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Stephen Kiernan
Stephen Kiernan
Novelist, journalist, activist for conservation and hospice
Historical Fiction
War
WWII
Nonfiction
Where else you can find me
Personal website
Substack
Book a 1:1 with Stephen Kiernan
Hi!

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Talk soon,
Sam

Hello friend.

On my mind

I am continuously interested in how vivid stories can inform and expand our understanding of a complex world that faces huge challenges.

Why I'm excited to talk with readers

The readership my work has found is a fascinating and generous group of people. I miss them when I'm between book tours. And I am uplifted by their interest -- whether critical or supportive. I wonder what they are wondering.

I am grateful to my readers for making my life possible.

In gratitude,

Stephen K.

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My latest
My Substack
 by 
Stephen Kiernan
Where I've written

The Glass Château

One month after the end of World War II, amid the jubilation in the streets of France, there are throngs of people stunned by the recovery work ahead. Every bridge, road, and rail line, every church and school and hospital, has been destroyed. Disparate factions—from Communists, to Resistance fighters, to federalists, to those who supported appeasement of the Nazis—must somehow unite and rebuild their devastated country.

Asher lost his family during the war, and in revenge served as an assassin in the Resistance. Burdened by grief and guilt, he wanders through the blasted countryside, stunned by what has become of his life. When he arrives at le Chateau Guerin, all he seeks is a decent meal. Instead he finds a sanctuary, an oasis despite being filled with people every bit as damaged as him. But they are calming themselves, and recovering inch by inch, by turning sand into glass, and glass into windows for the bombed cathedrals of France.

It's a volatile place, and these former warriors manage their trauma in different ways. But they are helped by women of courage and affection. Asher turns out to have a gift for making windows, and decides to hide the fact that he is Jewish so the devout Catholics who own the chateau will not expel him. As the secrets of the chateau’s residents become known one by one, they experience more heated conflict and greater challenges. And as Asher kindles his talents for glasswork, his recovery will lead the way for them all.

“[A] spellbinding fable of sanctuary, art, and recovery.”

Booklist (starred review)

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Universe of Two

Graduating from Harvard at the height of World War II, brilliant mathematician Charlie Fish is assigned to the Manhattan Project. Working with some of the age’s greatest scientific minds, including J. Robert Oppenheimer, Enrico Fermi, and Leo Szilard, Charlie is assigned the task of designing and building the detonator of the atomic bomb.

As he performs that work Charlie suffers a crisis of conscience, which his wife, Brenda—unaware of the true nature of Charlie’s top-secret task—mistakes as self-doubt. She urges him to set aside his qualms and continue. Once the bombs strike Hiroshima and Nagasaki, the feelings of culpability devastate him and Brenda.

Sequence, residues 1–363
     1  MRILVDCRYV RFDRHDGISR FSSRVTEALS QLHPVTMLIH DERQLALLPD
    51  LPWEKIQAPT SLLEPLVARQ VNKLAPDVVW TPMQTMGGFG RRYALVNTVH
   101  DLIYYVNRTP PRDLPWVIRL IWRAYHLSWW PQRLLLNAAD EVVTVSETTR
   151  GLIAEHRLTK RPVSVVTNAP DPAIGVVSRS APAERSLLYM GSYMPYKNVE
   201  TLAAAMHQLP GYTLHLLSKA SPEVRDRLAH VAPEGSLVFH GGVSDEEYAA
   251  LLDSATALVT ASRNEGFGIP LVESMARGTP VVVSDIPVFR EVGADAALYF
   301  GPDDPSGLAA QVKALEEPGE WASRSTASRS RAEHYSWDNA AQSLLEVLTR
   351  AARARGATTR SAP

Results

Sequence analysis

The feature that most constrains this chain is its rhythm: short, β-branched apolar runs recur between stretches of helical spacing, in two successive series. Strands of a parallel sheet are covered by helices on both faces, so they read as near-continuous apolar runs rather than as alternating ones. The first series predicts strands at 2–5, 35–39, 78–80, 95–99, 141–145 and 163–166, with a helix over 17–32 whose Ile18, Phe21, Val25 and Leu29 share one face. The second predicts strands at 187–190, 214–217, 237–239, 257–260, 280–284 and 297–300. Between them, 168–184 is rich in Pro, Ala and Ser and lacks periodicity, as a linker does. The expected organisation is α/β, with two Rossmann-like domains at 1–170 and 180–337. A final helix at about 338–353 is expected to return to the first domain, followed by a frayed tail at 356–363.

At the war’s end, Charlie receives a scholarship to pursue a PhD in physics at Stanford—an opportunity he and Brenda hope will allow them a fresh start. But the past proves inescapable. All any of his new colleagues can talk about is the bomb, and what greater atomic weapons might be on the horizon. Haunted by guilt, Charlie and Brenda leave Stanford and decide to dedicate the rest of their lives to making amends for the evil he helped to birth into the world.

“Stephen Kiernan has pulled off the nearly impossible...The most tender, terrifying, relevant book you’ll read this year.”

— Jenna Blum, New York Times bestselling author of Those Who Save Us and The Lost Family

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The Baker's Secret

On June 5, 1944, as dawn rises over a small town on the Normandy coast of France, Emmanuelle is making the bread that has sustained her fellow villagers in the dark days since the Germans invaded her country.

Only twenty-two, Emma learned to bake at the side of a master, Ezra Kuchen, the village baker since before she was born. Apprenticed to Ezra at thirteen, Emma watched with shame and anger as her kind mentor was forced to wear the six-pointed yellow star on his clothing. She was likewise powerless to help when they pulled Ezra from his shop at gunpoint, the first of many villagers stolen away and never seen again.

But in the years that her sleepy coastal village has suffered under the enemy, Emma has silently, stealthily fought back. Each day, she receives an extra ration of flour to bake a dozen baguettes for the occupying troops. And each day, she mixes that precious flour with ground straw to create enough dough for two extra loaves—contraband bread she shares with the hungry villagers. Under the cold, watchful eyes of armed soldiers, she builds a clandestine network of barter and trade that she and the villagers use to thwart their occupiers.

But her gift to the village is more than these few crusty loaves. Emma gives the people a taste of hope—the faith that one day the Allies will arrive to save them.

A tale beautifully, wisely, and masterfully told.”

— Paula McLain, author of The Paris Wife and Circling the Sun

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